Similarly, have your children form mental images of what they are reading. This is great for reading comprehension and I always tell all my students to always picture in their head what they are reading to better understand it.

Visual or graphic organisers and concept or mind maps are basically diagrams that help you to see the relationship between concepts, ideas or things. I remember studying statistics in high school and it was the one thing that I couldn't understand simply because there were so many formulas and I didn't know when to use the correct ones. It wasn't until I had to do statistics again in university that I needed to understand it. So I decided the best way was to draw a diagram that linked all the formulas together. Once I had this, it made total sense.

There are many ways to draw diagrams, here's one example and here's another. Start with the concept that you're trying to learn and write this down either on top or in the middle of the page. Next, list the different categories that this concept has. Within each category, write down any related concept and keep doing this for each one until you can go no further. Link them all together by lines and/or linking words to explain the relationship. So if your children are learning Shakespeare, the different categories would be plays, sonnets and poems. Then within the category 'plays' there are comedies, tragedies and histories and again under each title they would list the names of the plays in that category. Next, go through the sonnets and poems and have your children ask themselves if they are able to be grouped in any way. If they cannot go further then that's it.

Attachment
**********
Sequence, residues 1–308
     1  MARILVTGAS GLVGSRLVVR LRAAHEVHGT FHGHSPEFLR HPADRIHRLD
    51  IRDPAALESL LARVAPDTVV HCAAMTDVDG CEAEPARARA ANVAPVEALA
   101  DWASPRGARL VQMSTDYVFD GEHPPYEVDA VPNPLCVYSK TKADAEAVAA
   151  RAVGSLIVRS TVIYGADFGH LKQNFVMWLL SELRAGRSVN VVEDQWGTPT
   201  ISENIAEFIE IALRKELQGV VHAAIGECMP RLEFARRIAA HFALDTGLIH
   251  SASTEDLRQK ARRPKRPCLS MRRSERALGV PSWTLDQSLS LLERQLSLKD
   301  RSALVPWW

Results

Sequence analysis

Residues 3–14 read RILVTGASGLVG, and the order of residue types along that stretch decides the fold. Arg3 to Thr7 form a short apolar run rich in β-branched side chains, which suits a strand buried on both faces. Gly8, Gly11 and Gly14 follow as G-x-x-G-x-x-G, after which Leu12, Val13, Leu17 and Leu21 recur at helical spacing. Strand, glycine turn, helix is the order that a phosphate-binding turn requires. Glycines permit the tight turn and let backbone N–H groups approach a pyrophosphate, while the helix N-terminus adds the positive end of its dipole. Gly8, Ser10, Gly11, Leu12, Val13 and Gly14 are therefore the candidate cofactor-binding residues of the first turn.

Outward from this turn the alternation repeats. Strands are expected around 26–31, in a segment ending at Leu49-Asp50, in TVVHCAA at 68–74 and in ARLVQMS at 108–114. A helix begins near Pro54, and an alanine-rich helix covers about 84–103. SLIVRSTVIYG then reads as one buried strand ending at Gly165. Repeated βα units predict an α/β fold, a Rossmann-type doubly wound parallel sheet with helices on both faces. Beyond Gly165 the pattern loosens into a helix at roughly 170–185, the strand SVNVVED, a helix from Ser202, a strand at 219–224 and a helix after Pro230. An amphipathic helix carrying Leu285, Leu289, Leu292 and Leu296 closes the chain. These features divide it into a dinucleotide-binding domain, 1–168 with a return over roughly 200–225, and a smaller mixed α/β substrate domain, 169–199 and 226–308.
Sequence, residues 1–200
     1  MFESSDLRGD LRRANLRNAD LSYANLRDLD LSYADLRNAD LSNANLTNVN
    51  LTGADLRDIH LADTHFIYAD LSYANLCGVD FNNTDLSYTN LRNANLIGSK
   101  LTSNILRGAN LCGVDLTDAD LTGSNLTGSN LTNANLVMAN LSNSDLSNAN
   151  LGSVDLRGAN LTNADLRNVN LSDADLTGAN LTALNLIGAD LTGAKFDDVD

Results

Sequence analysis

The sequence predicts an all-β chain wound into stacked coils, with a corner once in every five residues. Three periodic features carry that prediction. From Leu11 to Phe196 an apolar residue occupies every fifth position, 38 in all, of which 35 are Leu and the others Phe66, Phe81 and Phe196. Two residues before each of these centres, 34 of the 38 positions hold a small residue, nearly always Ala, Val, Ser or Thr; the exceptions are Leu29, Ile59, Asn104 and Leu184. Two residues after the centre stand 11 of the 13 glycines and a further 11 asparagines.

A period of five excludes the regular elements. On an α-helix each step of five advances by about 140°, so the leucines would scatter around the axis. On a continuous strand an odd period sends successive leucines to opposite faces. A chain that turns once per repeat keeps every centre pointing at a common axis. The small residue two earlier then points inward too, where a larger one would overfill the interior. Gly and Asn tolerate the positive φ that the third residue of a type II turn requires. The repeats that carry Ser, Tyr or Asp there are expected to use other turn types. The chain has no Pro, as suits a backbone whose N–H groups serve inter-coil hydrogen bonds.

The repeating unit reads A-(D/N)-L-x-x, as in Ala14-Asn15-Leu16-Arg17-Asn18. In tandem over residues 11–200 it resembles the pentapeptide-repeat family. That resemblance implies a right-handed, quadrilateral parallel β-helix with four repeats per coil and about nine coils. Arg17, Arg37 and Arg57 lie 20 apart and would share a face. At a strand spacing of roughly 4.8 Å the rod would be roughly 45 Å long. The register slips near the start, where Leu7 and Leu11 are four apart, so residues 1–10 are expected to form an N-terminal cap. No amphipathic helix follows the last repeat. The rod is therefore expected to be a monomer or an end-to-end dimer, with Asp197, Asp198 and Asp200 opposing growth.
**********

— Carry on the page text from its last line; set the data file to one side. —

3. The Method of Loci
This is using locations on a path of a place that we know really well to help recall a list of information. I have tried this and it works but it's not something that I usually do. It is great for remembering a list of things just like the mnemonics.

Imagine you're walking from your mailbox to your house and then through to each room. Along the way, there would be some 'landmarks' that you would place each item that you needed to remember. Say, the first landmark is the mailbox, then as you walk there are the doorsteps, the entrance door, a hallway table, your bedroom door, the bathroom door, the kitchen bench, the television, bookshelf and the backdoor. Since you walk this path everyday you already have these things in order in your head. So if your children are learning the first 10 elements of the periodic table then have them visualise hydrgogen or the letter h in the mailbox, then helium (He) on the doorsteps, lithium (Li) at the door and so on. If they want to memorise 20 elements then they would need to have 20 'landmarks' as they walk through their house or choose another familiar but longer pathway.

There are many more memory strategies, these are a few to get your children started. We have all used them before because we have been taught some of them in school. The challenge now is to have your children apply them in their own learning to help them improve their memory.

Which ones have you used and how have they helped you?